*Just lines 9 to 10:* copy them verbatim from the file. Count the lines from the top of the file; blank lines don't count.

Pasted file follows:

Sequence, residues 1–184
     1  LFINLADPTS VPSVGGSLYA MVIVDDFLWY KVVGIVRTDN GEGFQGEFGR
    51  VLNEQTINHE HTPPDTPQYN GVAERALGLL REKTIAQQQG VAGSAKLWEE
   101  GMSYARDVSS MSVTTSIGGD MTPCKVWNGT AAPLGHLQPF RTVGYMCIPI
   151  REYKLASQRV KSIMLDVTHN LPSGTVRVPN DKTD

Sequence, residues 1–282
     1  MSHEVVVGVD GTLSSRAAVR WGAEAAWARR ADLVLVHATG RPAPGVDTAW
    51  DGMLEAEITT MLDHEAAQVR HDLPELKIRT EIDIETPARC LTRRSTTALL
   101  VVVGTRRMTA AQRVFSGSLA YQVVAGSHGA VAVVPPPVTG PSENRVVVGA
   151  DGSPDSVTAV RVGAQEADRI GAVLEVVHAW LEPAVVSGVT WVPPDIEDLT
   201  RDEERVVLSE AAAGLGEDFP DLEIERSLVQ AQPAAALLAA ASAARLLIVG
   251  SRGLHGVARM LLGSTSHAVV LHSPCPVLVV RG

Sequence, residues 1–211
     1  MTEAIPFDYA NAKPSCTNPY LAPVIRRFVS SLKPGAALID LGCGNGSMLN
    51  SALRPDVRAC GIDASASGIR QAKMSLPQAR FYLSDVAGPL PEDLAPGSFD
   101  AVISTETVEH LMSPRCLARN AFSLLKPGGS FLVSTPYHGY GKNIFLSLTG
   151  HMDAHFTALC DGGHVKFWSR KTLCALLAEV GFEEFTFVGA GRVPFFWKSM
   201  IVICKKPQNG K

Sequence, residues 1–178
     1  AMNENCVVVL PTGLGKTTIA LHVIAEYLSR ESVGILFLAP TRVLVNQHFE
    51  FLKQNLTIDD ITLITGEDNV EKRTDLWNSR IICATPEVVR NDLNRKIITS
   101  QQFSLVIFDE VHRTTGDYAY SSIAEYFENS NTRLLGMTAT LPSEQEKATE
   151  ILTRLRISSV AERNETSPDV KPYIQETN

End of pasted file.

   101  VVVGTRRMTA AQRVFSGSLA YQVVAGSHGA VAVVPPPVTG PSENRVVVGA
   151  DGSPDSVTAV RVGAQEADRI GAVLEVVHAW LEPAVVSGVT WVPPDIEDLT